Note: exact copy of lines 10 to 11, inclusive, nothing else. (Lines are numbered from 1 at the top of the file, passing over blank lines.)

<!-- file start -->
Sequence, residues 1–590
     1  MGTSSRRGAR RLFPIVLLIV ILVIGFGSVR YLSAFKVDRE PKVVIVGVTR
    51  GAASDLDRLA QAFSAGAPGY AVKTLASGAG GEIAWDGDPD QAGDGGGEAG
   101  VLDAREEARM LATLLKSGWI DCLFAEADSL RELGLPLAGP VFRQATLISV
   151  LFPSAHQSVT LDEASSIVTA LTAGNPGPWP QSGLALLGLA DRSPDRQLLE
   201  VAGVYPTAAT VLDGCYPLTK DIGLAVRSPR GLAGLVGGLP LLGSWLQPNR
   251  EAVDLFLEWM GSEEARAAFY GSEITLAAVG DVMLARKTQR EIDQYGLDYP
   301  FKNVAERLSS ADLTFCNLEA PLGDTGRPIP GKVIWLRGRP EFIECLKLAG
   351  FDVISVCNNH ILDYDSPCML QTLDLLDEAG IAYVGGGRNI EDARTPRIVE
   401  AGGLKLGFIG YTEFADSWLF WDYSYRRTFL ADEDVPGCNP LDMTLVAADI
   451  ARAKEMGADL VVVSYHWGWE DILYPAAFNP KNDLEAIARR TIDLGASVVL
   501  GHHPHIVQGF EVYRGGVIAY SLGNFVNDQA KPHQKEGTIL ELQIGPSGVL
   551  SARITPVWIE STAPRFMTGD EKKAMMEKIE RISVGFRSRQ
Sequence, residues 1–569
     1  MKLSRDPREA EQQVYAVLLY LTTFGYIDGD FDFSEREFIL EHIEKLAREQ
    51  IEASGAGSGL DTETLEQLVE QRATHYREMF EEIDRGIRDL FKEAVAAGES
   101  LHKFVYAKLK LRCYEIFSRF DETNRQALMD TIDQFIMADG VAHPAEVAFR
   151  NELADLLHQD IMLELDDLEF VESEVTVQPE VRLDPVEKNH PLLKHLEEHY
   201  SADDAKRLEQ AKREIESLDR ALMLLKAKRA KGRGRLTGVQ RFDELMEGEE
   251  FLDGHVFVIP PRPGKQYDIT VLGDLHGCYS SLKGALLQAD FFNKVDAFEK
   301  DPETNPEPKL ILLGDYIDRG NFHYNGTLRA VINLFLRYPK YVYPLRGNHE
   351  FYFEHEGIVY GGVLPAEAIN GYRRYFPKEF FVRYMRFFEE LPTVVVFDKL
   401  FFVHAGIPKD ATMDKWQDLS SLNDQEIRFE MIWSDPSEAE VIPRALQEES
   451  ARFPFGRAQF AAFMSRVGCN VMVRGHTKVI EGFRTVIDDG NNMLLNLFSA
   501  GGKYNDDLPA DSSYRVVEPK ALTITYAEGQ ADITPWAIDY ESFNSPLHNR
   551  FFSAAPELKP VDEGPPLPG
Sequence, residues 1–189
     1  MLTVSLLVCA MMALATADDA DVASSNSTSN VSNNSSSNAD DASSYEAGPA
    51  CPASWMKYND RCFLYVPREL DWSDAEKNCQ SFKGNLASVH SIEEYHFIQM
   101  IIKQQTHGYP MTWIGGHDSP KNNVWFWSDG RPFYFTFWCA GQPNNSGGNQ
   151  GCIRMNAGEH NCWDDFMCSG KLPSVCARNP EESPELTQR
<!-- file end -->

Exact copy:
   401  AGGLKLGFIG YTEFADSWLF WDYSYRRTFL ADEDVPGCNP LDMTLVAADI
   451  ARAKEMGADL VVVSYHWGWE DILYPAAFNP KNDLEAIARR TIDLGASVVL